For almost 14 years, farmer and civil organizations, as well as other stakeholders, have struggled for the rights of peasants and people working in rural areas to be fully recognized by the international community, and their implementation to become an obligation for national governments.
A peasant is a man or a woman of the land who has direct and special relationship with the land and nature through the production of food and/or other agricultural products. Peasants work the land themselves, rely above all on family labour and other small scale forms of organizing labour. Peasants are traditionally embedded in their local communities and they take care of local landscapes and of agro-ecological systems. The term peasant can apply to any person engaged in agriculture, cattle-raising, pastoralism, handicrafts-related to agriculture or a related occupation in a rural area. This includes indigenous people working on the land (Draft UN Declaration on the Rights of Peasants and other People Working in Rural Areas)
The negotiation process has been long, where some countries have not supported the need to recognize peasants’ rights. But farmer and civil society organizations have not wavered in their intention to reiterate the importance of their past, present and future contributions in conserving biological and genetic resources, improving and making them available for further research and innovation; and call for the recognition of their human rights as peasants, based on that premise.
The role that farmer and civil society organizations have played in the negotiations has been active and purposeful, especially regarding the right to land, right to biological diversity, right to seeds, right to decent income and ensuring rural women’s human rights.
Advocate groups have demanded that peasants and people working in rural areas be provided with the means to keep practicing environmentally sustainable agriculture. They have asserted that access to land, water, seeds and other natural resources is essential to guarantee food security, secure the sustainable use of natural resources, improve rural development, and reduce poverty and hunger.
At its 21 session in 2012, the Human Rights Council of the United Nations adopted Resolution 21/19 by which it decided to establish an Open ended intergovernmental working group to negotiate, finalize and submit a draft United Nations declaration on the rights of peasants and other people working in rural areas on the basis of the draft submitted by the Human Rights Council Advisory Committee. The Open-ended Working Group held its third meeting on May 2016 where a new draft declaration was discussed.
But efforts to see these rights embodied in an international declaration on peasants’ rights will only be fruitful if they are implemented by national governments through legislative, administrative and other appropriate steps; governments must ultimately be accountable for their implementation.
Peasants’ rights include the sovereign right over the natural resources in their communities. Peasants have the authority to manage and control their natural resources and enjoy the benefits of their development and conservation. They have the right to decide whether or not to grant access to the natural resources in their communities, and to obtain fair and equitable participation in benefits arising from their utilization.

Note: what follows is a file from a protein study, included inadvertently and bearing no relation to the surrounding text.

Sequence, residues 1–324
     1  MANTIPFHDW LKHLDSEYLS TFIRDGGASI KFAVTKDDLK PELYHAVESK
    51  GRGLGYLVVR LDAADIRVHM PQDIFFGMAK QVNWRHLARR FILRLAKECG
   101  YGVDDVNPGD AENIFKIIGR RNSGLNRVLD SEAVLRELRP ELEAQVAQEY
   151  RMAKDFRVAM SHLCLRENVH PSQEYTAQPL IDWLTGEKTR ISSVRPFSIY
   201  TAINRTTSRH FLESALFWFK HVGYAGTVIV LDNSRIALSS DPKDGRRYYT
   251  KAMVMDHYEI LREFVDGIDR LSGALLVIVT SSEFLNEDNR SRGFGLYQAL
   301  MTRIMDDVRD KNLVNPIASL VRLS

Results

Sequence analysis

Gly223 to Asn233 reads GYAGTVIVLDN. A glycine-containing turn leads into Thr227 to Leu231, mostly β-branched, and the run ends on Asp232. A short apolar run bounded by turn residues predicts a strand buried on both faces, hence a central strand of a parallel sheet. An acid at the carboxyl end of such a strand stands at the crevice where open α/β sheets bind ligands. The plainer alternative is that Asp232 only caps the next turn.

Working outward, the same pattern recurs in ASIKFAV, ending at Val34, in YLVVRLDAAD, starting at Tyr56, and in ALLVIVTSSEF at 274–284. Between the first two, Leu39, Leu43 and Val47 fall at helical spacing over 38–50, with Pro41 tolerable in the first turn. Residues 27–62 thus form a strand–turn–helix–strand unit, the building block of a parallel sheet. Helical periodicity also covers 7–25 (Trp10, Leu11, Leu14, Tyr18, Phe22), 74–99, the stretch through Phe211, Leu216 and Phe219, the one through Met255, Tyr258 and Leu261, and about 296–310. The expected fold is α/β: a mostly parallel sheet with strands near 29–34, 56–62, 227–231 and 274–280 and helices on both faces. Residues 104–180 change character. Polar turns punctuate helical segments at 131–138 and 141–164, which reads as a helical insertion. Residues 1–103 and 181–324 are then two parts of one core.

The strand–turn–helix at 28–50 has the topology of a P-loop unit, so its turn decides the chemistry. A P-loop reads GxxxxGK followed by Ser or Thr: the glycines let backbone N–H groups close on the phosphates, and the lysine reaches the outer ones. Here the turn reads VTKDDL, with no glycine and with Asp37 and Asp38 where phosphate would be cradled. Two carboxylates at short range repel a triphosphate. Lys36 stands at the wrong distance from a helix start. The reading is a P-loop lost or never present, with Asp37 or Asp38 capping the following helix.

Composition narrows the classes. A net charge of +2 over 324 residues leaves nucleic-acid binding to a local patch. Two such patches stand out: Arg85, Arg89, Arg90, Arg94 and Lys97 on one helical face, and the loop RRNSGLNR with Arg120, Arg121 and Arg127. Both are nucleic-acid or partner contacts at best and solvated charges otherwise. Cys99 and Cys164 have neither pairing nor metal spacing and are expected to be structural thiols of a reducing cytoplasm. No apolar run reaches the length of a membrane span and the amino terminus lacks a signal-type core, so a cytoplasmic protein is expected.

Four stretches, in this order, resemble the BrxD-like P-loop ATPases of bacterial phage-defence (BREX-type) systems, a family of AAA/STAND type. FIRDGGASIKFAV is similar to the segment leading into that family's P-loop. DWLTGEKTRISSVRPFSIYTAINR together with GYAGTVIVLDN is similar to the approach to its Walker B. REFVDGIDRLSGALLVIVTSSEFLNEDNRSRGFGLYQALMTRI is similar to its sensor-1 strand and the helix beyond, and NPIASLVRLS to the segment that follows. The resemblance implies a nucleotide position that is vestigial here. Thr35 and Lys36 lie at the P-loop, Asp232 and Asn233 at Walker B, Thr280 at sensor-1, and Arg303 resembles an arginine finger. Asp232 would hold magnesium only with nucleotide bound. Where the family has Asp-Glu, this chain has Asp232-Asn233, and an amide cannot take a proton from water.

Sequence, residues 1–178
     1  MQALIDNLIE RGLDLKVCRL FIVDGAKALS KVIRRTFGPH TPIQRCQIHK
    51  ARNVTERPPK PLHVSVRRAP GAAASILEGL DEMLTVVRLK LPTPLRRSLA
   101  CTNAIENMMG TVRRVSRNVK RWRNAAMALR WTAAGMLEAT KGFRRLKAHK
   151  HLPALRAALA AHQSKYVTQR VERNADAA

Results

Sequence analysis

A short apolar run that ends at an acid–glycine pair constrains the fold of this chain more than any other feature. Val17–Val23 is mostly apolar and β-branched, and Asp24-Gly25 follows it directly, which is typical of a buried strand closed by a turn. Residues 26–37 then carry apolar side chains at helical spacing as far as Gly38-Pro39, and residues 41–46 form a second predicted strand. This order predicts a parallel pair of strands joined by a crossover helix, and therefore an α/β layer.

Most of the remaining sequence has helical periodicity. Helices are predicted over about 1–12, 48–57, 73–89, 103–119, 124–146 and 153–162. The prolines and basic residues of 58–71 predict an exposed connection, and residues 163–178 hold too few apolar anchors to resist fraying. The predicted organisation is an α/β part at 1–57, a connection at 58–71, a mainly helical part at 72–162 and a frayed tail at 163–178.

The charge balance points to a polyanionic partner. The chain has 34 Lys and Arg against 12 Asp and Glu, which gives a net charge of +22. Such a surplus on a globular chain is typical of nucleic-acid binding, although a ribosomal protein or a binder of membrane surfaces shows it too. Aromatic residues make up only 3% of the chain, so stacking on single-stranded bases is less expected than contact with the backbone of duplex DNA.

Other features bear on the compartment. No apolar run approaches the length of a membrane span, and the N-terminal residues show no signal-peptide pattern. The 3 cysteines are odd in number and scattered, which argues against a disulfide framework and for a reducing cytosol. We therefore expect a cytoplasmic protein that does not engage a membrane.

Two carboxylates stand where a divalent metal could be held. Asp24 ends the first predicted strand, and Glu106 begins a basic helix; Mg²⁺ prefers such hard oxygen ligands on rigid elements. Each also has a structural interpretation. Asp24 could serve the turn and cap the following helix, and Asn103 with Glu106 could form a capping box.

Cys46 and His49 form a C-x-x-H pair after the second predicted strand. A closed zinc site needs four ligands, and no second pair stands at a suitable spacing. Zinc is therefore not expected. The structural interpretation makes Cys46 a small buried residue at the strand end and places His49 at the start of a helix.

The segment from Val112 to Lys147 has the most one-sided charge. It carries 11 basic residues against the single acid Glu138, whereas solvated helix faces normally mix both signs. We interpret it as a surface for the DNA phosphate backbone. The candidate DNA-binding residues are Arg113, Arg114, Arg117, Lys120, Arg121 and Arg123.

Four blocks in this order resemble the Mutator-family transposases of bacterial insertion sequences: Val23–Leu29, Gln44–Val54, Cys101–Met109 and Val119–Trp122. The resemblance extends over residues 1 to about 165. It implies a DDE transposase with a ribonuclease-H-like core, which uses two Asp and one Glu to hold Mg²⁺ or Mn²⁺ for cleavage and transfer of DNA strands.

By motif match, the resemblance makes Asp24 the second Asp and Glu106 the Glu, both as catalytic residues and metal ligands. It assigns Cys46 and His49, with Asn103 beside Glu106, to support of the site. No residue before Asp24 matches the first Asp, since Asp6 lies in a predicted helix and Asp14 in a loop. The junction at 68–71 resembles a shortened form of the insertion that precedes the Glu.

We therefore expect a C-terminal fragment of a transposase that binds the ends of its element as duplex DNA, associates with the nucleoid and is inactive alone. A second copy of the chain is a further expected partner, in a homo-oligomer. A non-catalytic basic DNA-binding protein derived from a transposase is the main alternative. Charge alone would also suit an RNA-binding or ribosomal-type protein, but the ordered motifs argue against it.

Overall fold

Peasants have the right to participate in decision-making in matters that would affect their rights, directly or through their representative organizations in accordance with their own customary laws and practices. They also have the right to determine and develop priorities and strategies for exercising their right to development; the right to full, transparent, timely and adequate information about the factors that may affect the production, processing, marketing and distribution of their products; the right to food, to land, and to other natural resources; to means of production and to seeds; to conserve, use, maintain and develop their own crops and genetic resources; and the right to decide what to cultivate.
Next step: Get governments on board
These and other rights established in the draft Declaration have already been recognized by International Conventions and Treaties, including the International Treaty on Plant Genetic Resources for Food and Agriculture; the Universal Declaration of Human Rights, the International Covenant on Economic, Social and Cultural Rights; and the Convention on Biological Resources.
But governments need to start implementing international agreements already in force relevant to peasants’ rights, avoiding spending valuable resources re-inventing the wheel.
It is time for action…
It is time for commitment…
It is time for accountability…
It is time to move forward and achieve the goals of alleviation of hunger, food security and reduction of poverty.
Blogpost by Juanita Chaves Posada, Farmers’ Rights Expert, Secretariat of the Global Forum on Agricultural Research (GFAR)
Photo credit: ©FAO/Sergey Kozmin